Get off the couch: Paul’s picks for the holidays

Winter break is almost here and for college students that means plenty of free time. December also marks a busy stretch at the theaters. With that in mind, the Northern Light’s resident movie reviewer, Paul Jones, has put together some recommendations of movies to check out this season. So, deck the halls, be merry and chow down on popcorn during the holidays.

Dec. 17

“Lemony Snicket’s a Series of Unfortunate Events”

A tragic fire kills the Baudelaire parents, turning their three children into the Baudelaire orphans. Violet (the inventor), Klaus (the researcher), and Sunny (the biter), are sent to live with their distant relative Olaf, who turns out to be an evil, dangerous and rude villain.

I’ve been a huge fan of this series of exceedingly dark children’s books, and have high expectations for the upcoming film. I’m somewhat skeptical that Hollywood producers will allow this movie to be as dark as the books are. I also question whether goofy actor Jim Carrey will make the villain, Count Olaf, as creepy and frightening as he is intended to be. Nevertheless, Jude Law voicing the tortured author Lemony Snicket is a perfect choice, and the production design for the film is beautiful and appropriate to the source material.

“Spanglish”

This chick flick chronicles the trials and tribulations of a family dealing with mother-daughter problems, job-loss problems, relationship issues and Spanish-speaking housekeeper issues. Tea Leoni and Adam Sandler star as the couple at the heart of the movie.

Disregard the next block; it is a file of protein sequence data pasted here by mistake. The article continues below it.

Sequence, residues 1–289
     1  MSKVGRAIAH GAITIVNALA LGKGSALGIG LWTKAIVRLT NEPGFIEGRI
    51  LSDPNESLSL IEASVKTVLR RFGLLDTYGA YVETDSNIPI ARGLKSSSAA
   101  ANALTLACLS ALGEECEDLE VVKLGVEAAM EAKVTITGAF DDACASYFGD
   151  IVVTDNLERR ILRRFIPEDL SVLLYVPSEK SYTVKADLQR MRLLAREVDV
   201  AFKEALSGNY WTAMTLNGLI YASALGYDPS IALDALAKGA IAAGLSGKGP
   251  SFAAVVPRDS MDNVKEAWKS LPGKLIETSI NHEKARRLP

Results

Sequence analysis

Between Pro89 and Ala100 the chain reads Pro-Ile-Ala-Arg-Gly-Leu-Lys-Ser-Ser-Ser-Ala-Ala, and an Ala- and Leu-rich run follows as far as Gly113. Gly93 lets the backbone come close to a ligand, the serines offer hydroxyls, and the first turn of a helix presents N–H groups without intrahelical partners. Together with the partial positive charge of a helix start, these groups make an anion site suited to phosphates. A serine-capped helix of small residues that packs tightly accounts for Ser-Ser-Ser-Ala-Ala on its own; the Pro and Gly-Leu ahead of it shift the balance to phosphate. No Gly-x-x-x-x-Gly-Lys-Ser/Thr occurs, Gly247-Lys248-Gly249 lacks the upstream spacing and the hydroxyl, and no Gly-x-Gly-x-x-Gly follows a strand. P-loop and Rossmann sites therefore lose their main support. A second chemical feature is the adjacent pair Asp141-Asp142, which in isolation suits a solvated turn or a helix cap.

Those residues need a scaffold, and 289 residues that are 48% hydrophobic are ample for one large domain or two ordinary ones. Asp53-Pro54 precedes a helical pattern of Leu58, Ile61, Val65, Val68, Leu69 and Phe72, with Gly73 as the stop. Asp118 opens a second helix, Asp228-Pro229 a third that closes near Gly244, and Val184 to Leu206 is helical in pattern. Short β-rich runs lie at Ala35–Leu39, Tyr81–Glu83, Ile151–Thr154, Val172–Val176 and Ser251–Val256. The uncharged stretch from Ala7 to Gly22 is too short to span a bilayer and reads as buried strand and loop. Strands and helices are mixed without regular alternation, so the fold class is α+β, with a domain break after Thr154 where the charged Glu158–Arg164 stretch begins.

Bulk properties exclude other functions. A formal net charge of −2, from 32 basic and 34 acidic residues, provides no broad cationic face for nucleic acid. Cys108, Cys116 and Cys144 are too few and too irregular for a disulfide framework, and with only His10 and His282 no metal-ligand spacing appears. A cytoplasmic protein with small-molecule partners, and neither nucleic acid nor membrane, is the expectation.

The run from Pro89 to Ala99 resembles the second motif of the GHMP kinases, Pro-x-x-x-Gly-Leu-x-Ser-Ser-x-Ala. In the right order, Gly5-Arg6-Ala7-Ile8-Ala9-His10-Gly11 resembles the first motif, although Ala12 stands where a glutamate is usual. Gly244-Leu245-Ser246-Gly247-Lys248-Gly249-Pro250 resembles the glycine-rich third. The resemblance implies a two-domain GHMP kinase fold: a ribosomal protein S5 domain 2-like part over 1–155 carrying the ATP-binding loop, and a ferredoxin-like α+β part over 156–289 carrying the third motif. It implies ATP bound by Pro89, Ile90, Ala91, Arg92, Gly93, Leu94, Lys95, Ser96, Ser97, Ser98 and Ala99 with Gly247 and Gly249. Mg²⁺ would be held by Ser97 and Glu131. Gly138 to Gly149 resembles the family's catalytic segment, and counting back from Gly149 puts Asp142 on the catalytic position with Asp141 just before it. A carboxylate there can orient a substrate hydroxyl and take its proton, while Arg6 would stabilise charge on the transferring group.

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The previews for this one charmed me, I must say. The dialogue looks like it will be down to earth and will oscillate between touching and funny. It’s also interesting to watch Adam Sandler do serious stuff. Also, the Spanish-speaking housekeeper is totally hot. Sort of like a non-scrawny Penelope Cruz.

Dec. 24

“The Life Aquatic with Steve Zissou”

Bill Murray plays Steve Zissou, an underwater explorer with a quirky crew. The movie chronicles his relationship with his estranged son (Owen Wilson).

This is the latest film from Wes Anderson, which means that you should just go see it as soon as it comes out, no questions asked. Anderson is the genius behind “Bottle Rocket,” “Rushmore,” and “The Royal Tenenbaums.” So far, he has been able to reuse the same themes in extremely different and fascinating ways, and has yet to produce a dud. In addition to his trademark comedy and touching humanity, this one features colorful sea creatures. Just go. Bill Murray should be reason enough.

“The Flight of the Phoenix”

A group of people crash in a desert and must work together to build a new plane and fly out. This stands a pretty good chance of being bad, but I just really like Dennis Quaid, who plays the lead role. Plus, I’m a sucker for desert adventures.

“Fat Albert”

This movie also will probably be bad. However, in an interesting twist, the plot actually features Fat Albert and the Cosby Kids emerging from a TV into the real world, which is an interesting angle for a movie based on a cartoon. Plus, Bill Cosby has been involved, so it could still be good.

Andrew Lloyd Webber’s “The Phantom of the Opera”

The long awaited screen version of Andrew Lloyd Webber’s insanely popular musical. It’s always been my opinion that the story of this musical is best suited to the screen, where its gothic backdrop and action-heavy third act could be best presented. It’s a fine musical, if you’re into that sort of thing, and should translate fairly well. I’m not sure about that guy who plays the phantom, though. He seems a little young, a little too pretty, and his voice doesn’t seem rich enough.